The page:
Looking out across the lake in early morning,
I thought I saw shimmer of God
Quietly glimmering within reflection of God
Each small gust of wind creating waves
Dissolving God back into God.
I could not take it within,
Too dangerous it seemed, too vivid, too vague.
So I drove to church and sat in a pew,
The one place where I felt safe from God.
My hope– that these thick Christian walls,
Made of dense stone, might protect me,
Save me from an ephemeral, alluring God.
As Larkin once said in a poem:
“Once I am sure there’s nothing going on,
I step inside, letting the door thud shut….
Up at the holy end, the small neat organ;
And a tense, musty, unignorable silence,
Brewed God knows how long.”
Hopefully, here I could be at peace,
Watching the light cross the floor,
This sacred place where birth and death
Were married in an eerie silence.
Here, where so much seems obsolete,
I am surprised by a deep
Hunger to be grave and solemn
In this solitary, soft moment of quiet.
Whispering within my mind, I heard
“Here endth the reading of these holy words….”
Scripture seemed written upon my heart—
A pilgrim’s progress, if you will, smoldering,
Burning deeper, alive and distinct from my own will.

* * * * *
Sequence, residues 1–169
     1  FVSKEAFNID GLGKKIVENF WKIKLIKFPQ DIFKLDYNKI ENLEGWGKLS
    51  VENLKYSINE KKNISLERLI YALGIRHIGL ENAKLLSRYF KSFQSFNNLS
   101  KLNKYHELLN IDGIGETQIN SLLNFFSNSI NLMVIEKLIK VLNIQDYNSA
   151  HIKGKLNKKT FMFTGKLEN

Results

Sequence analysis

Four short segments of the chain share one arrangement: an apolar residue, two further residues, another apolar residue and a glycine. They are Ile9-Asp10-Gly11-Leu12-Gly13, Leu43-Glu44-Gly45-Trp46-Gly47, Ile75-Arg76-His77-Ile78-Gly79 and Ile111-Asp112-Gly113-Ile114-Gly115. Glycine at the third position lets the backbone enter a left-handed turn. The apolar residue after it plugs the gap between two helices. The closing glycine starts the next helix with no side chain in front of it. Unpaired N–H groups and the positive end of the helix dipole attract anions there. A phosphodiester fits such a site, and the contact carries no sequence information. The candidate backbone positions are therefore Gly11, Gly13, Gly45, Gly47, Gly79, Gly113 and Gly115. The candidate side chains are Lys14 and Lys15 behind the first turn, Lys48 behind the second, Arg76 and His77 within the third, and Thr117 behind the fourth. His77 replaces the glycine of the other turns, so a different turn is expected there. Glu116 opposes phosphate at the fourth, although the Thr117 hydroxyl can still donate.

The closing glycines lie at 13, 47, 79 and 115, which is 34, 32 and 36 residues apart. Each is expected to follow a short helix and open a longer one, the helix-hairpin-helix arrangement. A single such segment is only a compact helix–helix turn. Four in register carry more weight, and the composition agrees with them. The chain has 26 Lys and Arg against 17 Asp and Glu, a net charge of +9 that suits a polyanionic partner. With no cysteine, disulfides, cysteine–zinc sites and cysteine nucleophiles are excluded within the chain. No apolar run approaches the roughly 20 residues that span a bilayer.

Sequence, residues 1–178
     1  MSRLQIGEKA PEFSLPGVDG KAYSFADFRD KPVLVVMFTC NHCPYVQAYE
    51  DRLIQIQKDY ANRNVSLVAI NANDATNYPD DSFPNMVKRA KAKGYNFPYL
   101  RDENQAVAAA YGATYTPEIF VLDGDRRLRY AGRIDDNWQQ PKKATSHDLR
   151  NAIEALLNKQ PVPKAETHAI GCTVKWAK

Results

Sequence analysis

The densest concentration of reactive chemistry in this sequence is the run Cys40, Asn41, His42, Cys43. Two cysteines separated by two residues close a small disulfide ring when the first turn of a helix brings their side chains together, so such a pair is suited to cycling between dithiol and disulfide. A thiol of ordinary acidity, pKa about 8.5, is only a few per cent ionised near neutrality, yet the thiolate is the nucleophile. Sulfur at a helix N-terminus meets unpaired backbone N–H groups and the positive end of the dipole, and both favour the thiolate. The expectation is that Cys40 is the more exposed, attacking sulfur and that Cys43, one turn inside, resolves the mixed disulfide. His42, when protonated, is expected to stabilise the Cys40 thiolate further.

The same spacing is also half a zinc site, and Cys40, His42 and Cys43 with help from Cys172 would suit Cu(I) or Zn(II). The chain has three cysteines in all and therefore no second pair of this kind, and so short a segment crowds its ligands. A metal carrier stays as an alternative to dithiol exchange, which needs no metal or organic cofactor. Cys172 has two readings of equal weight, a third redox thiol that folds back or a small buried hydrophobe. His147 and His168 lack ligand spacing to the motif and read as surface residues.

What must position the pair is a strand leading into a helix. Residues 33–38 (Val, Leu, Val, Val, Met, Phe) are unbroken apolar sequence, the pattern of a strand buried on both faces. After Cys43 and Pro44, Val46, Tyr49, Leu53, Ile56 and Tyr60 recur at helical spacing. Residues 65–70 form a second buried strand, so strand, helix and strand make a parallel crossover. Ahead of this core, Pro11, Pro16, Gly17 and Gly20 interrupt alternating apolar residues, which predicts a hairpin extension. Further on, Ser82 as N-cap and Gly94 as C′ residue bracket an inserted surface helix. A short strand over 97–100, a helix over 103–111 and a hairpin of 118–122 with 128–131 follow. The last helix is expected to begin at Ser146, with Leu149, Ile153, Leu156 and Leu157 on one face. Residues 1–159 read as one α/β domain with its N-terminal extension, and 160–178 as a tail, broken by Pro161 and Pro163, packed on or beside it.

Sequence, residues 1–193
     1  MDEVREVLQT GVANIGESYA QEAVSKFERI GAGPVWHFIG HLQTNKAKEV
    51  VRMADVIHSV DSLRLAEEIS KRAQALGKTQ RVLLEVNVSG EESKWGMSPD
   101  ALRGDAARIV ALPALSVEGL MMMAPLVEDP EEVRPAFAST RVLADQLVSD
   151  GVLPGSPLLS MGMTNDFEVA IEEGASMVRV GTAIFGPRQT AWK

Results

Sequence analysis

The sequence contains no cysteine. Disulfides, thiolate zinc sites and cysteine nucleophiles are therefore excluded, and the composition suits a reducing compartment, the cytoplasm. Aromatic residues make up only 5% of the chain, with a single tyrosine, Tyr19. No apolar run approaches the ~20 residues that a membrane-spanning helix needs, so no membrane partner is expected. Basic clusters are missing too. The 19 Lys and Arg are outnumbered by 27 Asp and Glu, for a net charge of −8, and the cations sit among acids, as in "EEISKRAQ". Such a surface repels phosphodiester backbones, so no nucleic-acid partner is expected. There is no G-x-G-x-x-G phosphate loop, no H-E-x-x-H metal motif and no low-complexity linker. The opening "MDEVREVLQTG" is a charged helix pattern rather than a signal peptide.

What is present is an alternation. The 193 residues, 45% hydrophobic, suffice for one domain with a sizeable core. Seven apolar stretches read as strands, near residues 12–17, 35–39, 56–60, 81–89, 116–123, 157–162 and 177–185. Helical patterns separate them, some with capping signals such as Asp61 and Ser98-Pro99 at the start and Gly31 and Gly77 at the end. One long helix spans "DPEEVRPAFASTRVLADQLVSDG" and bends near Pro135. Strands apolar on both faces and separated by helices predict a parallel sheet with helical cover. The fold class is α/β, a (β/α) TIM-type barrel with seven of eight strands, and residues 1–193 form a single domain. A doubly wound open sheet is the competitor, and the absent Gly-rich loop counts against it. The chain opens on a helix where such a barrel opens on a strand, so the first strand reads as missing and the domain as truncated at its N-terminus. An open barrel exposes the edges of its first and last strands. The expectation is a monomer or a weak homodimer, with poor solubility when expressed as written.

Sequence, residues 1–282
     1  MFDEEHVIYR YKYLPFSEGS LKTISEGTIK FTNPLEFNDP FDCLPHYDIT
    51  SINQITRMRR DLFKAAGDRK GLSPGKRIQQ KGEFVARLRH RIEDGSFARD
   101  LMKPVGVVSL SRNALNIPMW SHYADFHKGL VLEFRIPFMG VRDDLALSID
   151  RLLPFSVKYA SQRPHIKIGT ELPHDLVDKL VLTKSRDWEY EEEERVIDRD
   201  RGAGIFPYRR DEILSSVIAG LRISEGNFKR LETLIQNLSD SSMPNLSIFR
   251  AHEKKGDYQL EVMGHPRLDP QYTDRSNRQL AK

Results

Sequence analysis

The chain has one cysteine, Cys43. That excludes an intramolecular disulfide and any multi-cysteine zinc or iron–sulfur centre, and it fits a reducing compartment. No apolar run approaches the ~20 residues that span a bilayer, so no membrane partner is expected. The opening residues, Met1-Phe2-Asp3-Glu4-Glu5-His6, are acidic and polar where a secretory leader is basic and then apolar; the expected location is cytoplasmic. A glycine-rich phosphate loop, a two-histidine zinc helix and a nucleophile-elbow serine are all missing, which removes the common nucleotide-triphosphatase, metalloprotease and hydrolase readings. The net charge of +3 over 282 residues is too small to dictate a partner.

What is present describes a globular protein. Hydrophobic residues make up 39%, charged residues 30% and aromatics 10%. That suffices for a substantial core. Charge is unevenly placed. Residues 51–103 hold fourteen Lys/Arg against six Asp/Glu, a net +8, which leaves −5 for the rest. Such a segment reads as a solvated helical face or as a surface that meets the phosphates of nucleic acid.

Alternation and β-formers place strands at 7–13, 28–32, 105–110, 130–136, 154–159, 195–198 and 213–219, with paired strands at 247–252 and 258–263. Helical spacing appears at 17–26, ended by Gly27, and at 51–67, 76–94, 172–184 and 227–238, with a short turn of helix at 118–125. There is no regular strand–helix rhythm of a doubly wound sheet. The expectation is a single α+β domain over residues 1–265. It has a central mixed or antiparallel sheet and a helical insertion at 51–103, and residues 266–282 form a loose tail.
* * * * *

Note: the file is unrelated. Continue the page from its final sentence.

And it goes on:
Why, I wondered, did Nietzsche say:
“It is indecent to be a Christian….”
I sat, as Buddha sat, in lotus fashion
Upon cold stone, close to weeping,
Close to praying, slowly breathing,
Raised from death into enlightened spaciousness,
Sitting in this House I did not build,
Yet here, at last, finding myself at Home.
Meister Eckhart said it this way:
“Man’s last and highest parting
Is when for God’s sake,
He takes leave of God.”
This is what Jesus would say:
“Verily, verily I say unto you
Except that a seed of wheat
Fall into the ground and die,
It abides alone,… but if it die,
It brings forth much fruit.”
Only in this moment of dying,
As I let go, do I begin to cross over
Into the vast return to God,
Spiritually naked, yet blessed—
Slowly walking all the way down
Bright Angel Trail, high cliffs
Casting morning shadows
Until I reach what might be
Called the Colorado—
At the bottom of the world it flows.
And here, I kneel and drink.<img